Sat – Sun, 22nd - 23rd December 2007: A Seahorse Monitoring Adventure
Despite the dire warnings from all the weeping prophets who had predicted monsoon storms and floods of frightful proportions when we had expressed our intention to drive south to Johor to participate in the seahorse monitoring project under the Save Our Seahorses programme, the weather was pleasant and cooperative throughout the weekend of 22nd and 23rd December.
And so 5 of us from MNS Selangor , including our Marine SIG Coordinator Hui-Min, and 10 others from MNS Penang gathered at the lobby of Euro Hotel, touted to be the first ‘designer’ hotel (meaning: pretty wallpaper, fancy Art Deco beds, poor ventilation and angular furniture that can put your eyes out if you are not careful) in Johor Bahru, by 2.15 p.m. on a scorcher of a Saturday afternoon to drive in a convoy to Kukup Island National Park. Following a briefing at the Visitor’s Information Centre, a 5-minute boat ride took us to the island, which was gazetted as a national park in 1997 due to its research and eco-tourism potential.
While still on the jetty, we spotted a lesser adjutant stork and a whimbrel on the mudflats, and later identified at least 4 types of bakau (mangrove) plants, tree ferns, giant mudskippers, blue-spotted mudskippers, mangrove crabs, fiddler crabs and molluscs such as noble volutes, ‘lokan’, ‘kupang’ and ‘siput sedut’ on either side of the boardwalk. A climb up a watchtower brought to view the forest canopy, a brahminy kite and a white-bellied sea eagle.
It started to drizzle but that did not deter us from ascending another tower to the suspension bridge across Sungai Ular (English translation: Snake River). The bridge was sturdily made but we were rather disappointed that we did not encounter any mangrove pit vipers or dog-faced water snakes to spice up our visit and make the climb more challenging.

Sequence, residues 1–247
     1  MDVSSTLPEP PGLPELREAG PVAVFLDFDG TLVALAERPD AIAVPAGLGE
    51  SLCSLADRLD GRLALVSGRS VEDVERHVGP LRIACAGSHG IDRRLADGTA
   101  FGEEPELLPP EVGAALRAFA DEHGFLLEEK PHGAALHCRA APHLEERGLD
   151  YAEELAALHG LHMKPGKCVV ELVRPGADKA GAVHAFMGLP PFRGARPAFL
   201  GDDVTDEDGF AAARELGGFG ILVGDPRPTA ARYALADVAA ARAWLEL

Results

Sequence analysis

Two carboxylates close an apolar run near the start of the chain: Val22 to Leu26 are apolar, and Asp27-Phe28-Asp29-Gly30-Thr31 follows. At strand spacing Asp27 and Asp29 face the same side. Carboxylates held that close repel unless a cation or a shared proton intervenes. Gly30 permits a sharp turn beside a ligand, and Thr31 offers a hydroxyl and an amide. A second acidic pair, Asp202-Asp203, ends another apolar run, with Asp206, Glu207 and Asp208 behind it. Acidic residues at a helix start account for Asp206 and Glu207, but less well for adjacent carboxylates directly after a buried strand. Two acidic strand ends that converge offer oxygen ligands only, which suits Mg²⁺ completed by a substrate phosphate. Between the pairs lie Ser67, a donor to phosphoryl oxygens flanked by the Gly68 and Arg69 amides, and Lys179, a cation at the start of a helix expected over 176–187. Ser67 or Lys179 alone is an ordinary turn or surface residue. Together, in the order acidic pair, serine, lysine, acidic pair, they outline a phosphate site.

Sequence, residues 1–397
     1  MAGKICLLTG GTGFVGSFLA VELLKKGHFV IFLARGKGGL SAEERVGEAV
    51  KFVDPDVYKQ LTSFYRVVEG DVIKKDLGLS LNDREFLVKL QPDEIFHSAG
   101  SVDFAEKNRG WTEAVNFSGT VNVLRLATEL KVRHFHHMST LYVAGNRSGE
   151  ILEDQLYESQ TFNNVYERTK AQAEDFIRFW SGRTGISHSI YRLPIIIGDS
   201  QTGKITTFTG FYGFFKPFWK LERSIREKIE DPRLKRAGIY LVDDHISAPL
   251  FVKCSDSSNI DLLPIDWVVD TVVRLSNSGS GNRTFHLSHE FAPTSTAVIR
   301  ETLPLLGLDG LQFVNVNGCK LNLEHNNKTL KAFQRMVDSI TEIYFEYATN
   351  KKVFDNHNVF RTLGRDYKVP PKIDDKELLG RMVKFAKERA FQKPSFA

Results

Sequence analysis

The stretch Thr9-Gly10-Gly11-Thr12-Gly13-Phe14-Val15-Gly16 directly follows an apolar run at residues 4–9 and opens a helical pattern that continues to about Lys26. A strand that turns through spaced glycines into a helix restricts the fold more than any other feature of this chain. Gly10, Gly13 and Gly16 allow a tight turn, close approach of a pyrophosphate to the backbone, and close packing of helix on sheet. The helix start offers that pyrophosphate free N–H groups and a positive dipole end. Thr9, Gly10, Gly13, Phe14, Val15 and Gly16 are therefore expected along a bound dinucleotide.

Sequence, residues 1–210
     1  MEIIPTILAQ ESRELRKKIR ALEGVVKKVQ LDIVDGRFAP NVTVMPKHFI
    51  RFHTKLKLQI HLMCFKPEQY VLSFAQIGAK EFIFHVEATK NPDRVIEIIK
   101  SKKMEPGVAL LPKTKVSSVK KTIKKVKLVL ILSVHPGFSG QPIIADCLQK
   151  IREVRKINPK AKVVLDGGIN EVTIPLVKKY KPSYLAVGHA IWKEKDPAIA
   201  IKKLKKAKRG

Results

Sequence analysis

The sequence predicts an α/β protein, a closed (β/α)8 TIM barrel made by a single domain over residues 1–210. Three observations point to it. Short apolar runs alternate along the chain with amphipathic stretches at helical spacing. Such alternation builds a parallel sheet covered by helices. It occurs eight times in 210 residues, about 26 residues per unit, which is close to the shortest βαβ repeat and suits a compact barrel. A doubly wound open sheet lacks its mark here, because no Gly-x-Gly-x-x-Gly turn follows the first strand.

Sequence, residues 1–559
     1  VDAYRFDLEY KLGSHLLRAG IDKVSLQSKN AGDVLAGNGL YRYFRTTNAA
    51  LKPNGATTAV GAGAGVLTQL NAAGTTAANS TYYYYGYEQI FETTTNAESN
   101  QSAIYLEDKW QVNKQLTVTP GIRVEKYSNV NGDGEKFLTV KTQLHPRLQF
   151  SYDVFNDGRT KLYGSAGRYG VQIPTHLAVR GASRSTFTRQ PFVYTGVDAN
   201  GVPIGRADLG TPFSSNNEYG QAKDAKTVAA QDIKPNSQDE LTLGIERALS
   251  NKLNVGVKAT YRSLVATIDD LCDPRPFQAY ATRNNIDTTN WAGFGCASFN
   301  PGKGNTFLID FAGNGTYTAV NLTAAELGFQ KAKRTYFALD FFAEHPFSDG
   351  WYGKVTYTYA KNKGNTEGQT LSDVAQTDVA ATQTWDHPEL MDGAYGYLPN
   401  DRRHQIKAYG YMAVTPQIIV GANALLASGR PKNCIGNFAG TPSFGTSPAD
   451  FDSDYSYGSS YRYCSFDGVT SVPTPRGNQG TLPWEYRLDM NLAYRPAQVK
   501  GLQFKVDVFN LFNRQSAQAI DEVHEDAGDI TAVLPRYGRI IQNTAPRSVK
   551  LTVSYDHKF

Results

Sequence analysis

The boatman then took us to a floating fish farm not far from the shore, where the proprietor’s hospitable offspring showed us archer fish, giant starfish, jellyfish, oysters and other marine life kept in enclosures, which they assured us were not for human consumption.
It was while on the said floating fish farm that we spotted another lesser adjutant stork on the beach. While we were still fumbling with our cameras and binoculars, a wild boar made a sudden appearance, but the stork was unfazed. The boar foraged for a bit and then ambled back into the thick foliage, leaving the unflappable stork alone again on the mudflats.
Wild Boar meets Lesser Adjutant Stork.
On the boat ride back to the mainland, we spotted more storks, whimbrels and white-bellied sea eagles, one of which made a spectacular dive, which we applauded heartily, never mind the fact that the eagle did not do it for our benefit. We ended Saturday on a high note with a sumptuous seafood dinner in Kukup town, and I retired to my hotel room to imbibe copious amounts of Stolichnaya vodka with lemonade and check my tome of Birds of South-East Asia.
The weather still held up on Sunday morning as we made our way to Sekolah Kebangsaan Tg. Kupang, as we had made arrangements for the Green Living SIG Coordinator (i.e. Yours Truly) to conduct outreach activities and games with the schoolchildren. A very dedicated schoolteacher, Cikgu Bakhtiar, who had worked with marine biologist Choo Chee Kuang of Save Our Seahorses (SOS) Malaysia on numerous occasions, had managed to corral 16 children to participate in the environmental education session despite it being the school holidays.